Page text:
Thursday, 27 March 2014

Doctor Who: Step Back in Time - Series One

With Doctor Who's eighth series starring Peter Capaldi's brand-new incarnation of the Doctor in a few short months, it's time to start a retrospective look at the Doctor Who of years gone by. First up, it's 2005 and the show has been off the air for 16 years. Until one Saturday teatime nine years ago yesterday, Doctor Who returned, triumphant. The rest is history... and the future and occasionally the present.

Starring: Christopher Eccleston (the Doctor), Billie Piper (Rose Tyler), John Barrowman (Captain Jack), Noel Clarke (Mickey Smith) and Camille Coduri (Jackie Tyler). 
Produced by: Phil Collinson
Executive Produced by: Russell T Davies, Julie Gardner and Mal Young

Best Episodes

Rose by Russell T Davies
The episode that relaunched Doctor Who for the 21st century serves as a tremendous introduction to all the elements that define the Davies era; the root in the contemporary world, the Doctor's brooding nature and the companion at the heart of the story. A rollocking adventure that promises a whole lot more to come...

Father's Day by Paul Cornell
Although more gung-ho adventures such as 'Dalek' usually get all the attention, 'Father's Day' is an equally terrific episode, and perhaps the first that shows how much the Doctor Who of 2000s is built around its characters. If you like your timey-wimey monster mayhem tinged with touching human drama, this is the Who for you.  

The Empty Child/The Doctor Dances by Steven Moffat
No list of the best of Series One would be complete without this wondrous two-parter. Moffat really shows us what he's made of here with his customary mix of humour, scares and cleverness being sharper than ever. Starring the creepiest 'monster' in years, 'The Empty Child' proved that Doctor Who still had fangs...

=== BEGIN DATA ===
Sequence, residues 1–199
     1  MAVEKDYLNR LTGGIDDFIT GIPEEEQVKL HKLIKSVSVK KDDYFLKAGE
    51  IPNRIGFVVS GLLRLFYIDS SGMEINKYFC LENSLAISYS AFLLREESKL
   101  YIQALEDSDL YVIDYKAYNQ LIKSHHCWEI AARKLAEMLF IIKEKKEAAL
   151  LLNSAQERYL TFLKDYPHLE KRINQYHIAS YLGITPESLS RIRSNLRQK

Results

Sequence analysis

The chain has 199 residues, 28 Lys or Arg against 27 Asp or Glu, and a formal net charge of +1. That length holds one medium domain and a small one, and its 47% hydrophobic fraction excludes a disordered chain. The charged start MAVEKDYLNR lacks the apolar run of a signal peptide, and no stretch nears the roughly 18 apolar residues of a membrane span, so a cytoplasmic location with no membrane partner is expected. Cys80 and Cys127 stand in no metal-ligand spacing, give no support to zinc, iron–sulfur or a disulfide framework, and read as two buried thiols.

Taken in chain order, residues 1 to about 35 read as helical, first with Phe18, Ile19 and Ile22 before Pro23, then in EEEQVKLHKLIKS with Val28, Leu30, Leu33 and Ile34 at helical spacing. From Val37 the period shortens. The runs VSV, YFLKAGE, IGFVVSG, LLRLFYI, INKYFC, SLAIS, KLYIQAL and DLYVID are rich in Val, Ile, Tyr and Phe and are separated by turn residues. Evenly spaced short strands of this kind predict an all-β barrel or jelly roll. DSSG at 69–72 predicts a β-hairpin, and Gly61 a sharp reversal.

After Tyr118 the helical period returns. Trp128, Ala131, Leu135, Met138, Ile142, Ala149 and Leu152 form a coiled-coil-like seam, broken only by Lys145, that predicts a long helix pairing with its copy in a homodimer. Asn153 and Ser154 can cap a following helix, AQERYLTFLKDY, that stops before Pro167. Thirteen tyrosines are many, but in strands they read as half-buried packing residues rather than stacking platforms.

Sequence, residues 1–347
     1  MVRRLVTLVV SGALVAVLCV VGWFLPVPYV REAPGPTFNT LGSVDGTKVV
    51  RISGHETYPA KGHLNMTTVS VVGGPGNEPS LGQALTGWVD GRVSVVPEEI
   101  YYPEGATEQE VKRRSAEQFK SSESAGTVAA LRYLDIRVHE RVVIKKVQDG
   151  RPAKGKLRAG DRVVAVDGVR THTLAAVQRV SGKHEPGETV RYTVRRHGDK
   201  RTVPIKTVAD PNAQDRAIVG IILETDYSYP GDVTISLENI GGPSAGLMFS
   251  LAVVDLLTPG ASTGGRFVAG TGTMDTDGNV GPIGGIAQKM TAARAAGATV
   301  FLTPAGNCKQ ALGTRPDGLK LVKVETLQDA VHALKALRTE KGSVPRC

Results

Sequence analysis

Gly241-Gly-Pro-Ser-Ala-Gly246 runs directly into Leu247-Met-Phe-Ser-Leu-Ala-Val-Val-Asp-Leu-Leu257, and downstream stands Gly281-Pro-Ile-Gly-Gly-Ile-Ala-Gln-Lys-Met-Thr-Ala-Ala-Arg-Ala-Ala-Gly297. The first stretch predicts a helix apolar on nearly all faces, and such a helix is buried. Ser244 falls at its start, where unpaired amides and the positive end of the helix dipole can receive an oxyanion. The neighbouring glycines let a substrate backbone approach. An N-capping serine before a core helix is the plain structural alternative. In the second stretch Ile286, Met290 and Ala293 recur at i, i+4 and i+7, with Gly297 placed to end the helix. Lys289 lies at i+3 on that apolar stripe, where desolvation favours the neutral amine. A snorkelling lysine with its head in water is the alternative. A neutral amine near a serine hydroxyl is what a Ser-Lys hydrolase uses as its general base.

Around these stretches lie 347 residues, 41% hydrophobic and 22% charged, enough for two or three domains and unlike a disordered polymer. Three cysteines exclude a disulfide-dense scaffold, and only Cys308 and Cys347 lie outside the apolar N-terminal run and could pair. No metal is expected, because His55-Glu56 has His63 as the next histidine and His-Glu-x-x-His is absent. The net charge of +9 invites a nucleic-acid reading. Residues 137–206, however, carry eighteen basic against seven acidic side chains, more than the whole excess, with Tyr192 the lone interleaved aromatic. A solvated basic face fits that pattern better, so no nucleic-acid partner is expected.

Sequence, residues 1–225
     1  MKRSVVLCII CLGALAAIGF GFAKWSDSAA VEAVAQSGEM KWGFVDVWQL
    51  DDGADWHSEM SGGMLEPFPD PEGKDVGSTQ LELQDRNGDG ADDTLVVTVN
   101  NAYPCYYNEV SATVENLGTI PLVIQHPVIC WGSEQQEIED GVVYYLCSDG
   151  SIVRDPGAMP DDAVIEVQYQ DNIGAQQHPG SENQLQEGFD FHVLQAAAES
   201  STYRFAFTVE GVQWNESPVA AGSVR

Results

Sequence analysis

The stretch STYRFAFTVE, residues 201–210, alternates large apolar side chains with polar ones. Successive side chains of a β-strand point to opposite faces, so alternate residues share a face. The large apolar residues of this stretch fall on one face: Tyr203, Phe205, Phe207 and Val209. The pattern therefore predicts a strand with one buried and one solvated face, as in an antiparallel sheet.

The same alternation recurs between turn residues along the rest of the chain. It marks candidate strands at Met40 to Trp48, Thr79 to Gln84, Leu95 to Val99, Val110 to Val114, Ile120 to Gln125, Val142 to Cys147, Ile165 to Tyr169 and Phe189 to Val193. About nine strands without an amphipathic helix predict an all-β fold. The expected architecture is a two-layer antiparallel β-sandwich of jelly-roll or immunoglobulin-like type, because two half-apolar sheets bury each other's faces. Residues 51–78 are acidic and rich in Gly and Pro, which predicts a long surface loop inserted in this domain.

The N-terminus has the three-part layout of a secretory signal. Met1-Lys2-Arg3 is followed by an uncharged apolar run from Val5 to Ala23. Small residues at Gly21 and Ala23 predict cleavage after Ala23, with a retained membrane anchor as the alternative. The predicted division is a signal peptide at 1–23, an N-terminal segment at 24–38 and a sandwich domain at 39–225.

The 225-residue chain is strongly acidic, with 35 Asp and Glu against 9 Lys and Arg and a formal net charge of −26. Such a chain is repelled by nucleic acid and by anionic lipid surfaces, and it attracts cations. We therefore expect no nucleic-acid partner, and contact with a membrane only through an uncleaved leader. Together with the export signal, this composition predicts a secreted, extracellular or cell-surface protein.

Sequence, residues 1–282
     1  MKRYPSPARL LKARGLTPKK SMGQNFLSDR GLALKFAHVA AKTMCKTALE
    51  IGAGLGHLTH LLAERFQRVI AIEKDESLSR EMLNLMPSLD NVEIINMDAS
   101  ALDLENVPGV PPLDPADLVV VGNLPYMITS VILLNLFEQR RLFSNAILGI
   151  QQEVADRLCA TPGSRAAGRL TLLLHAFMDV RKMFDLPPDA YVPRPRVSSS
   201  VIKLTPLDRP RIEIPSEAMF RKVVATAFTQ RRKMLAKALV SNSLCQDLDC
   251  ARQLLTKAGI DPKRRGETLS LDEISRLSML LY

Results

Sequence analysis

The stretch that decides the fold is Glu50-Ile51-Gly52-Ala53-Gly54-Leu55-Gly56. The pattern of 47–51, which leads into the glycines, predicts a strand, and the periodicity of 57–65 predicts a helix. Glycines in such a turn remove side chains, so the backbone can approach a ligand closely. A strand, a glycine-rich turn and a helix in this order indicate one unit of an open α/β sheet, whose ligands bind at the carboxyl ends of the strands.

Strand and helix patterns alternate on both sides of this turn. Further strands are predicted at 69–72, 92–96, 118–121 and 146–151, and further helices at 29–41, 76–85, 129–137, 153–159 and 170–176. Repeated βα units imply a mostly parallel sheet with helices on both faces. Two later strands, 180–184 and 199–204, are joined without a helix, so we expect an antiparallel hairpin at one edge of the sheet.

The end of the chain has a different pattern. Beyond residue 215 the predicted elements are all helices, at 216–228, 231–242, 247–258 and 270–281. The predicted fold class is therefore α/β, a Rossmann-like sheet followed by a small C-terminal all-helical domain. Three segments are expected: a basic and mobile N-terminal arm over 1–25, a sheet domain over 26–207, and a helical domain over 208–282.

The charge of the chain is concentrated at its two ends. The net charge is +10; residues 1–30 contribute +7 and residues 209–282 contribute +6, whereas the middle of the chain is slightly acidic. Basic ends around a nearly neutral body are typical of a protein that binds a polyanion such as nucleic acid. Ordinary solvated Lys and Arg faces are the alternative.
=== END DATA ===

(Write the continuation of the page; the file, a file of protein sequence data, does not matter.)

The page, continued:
From the opening credits of 'Rose' we know that the traditional dynamic of Doctor Who has changed. No longer will the companion, though the original run produced many bright and shining ones, be reduced to needing the Doctor to save them or handily asking all the right questions. This show was all about the Doctor and Rose Tyler, his latest time-travelling companion. Though don't tell her there's been others.
Steven Moffat has gone on record saying that the first two series of the revived show 'belonged' to Billie Piper and in many ways it's hard to argue. Though the tortured yet barnstorming Ninth Doctor is undoubtedly our hero (and as much as I love his fellow Time Lords, Christopher Eccleston offers perhaps the most robust performance of any Doctor) Rose is our eyes and ears. We learn about the Doctor as she does. Who he is, his mysterious, war torn past and, by the end, his little 'trick for cheating death'...